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Dilemma for Rottie owners: to Desex or not?

Rottweiler owners are being encouraged to keep their pet pooch in tip-top condition after a James Cook University study found they could suffer from reduced lifespan after the snip.

A recent analysis of available clinical records collated by VetCompass Australia of 3,085 intact and 4,100 neutered Rottweilers from July 1994 to June 2021 found those dogs neutered before one year of age had a shortened lifespan of one-and-a-half years in males and one year in females when compared to their intact counterparts.

Dogs neutered before the age of four-and-a-half years produced similar results.

“Most other studies have found that neutering dogs increases their longevity but ours is one of the first that went against that,” study lead author and JCU Senior Lecturer in Veterinary Reproduction Dr Carolynne Joone said.

“It was a bit of a shock when that wasn’t what we found. We were fortunate with the data we had because we could determine when a dog was desexed and when they died.”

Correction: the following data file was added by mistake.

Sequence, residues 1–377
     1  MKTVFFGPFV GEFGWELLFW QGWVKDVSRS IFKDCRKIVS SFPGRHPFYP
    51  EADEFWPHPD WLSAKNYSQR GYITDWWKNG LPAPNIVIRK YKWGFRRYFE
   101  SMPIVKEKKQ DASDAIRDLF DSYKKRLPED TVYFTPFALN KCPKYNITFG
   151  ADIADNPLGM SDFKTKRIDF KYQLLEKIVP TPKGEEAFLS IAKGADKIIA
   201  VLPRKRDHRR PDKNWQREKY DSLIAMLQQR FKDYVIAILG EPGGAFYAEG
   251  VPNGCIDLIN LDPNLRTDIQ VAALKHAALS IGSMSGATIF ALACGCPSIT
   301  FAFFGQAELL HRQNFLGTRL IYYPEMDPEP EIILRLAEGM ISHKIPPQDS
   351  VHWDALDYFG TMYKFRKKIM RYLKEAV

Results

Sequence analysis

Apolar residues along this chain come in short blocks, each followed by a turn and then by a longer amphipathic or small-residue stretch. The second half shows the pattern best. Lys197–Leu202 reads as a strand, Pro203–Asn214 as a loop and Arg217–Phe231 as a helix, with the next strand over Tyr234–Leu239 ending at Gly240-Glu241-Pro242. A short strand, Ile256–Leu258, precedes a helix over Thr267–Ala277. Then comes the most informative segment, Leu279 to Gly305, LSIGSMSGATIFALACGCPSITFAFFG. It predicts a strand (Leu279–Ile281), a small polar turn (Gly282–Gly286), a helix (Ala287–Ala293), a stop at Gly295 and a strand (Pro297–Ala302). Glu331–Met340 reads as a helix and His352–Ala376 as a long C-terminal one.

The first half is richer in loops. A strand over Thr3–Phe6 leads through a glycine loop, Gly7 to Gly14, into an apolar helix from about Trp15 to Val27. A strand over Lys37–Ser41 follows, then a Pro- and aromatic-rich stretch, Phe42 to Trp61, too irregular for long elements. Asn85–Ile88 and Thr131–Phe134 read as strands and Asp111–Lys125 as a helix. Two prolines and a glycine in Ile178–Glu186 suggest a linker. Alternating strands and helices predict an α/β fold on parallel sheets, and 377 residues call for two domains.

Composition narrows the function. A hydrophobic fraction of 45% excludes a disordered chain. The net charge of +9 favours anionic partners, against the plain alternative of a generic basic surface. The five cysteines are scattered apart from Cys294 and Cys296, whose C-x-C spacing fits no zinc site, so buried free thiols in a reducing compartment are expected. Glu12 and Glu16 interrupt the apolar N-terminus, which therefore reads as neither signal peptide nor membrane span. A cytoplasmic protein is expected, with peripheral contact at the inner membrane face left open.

Despite the findings, Dr Joone strongly encouraged owners to desex their dog, suggesting that owners should focus on managing their dog’s weight gain which was common after the procedure.

“There are serious consequences for not neutering a dog, such as the risk of a life-threatening uterus infection known as Pyometra, mammary tumours and unwanted puppies,” she said.

“There’s a strong suspicion that the reduced lifespan is more to do with weight issues than the neutering itself, so I would encourage owners to go ahead and neuter their dog but make sure you keep it at a good, healthy weight.”

While it is currently unknown if there is an optimal age to neuter a Rottweiler that does not impact their lifespan, the study noted several factors which could influence the lifespan of a dog, including genetic predisposition, nutrition, exercise, healthcare, and environmental factors.

Screening for genetic disorders and selecting healthy breeding pairs may also help reduce the prevalence of hereditary health conditions in Rottweilers and help boost their longevity.

Dr Joone said she now wanted to expand her study to other popular dog breeds, such as Greyhounds and Golden Retrievers, to see if the results could be replicated.

JCU Senior Lecturer in Information Technology Dr Dmitry Konovalov was a co-author on the study.


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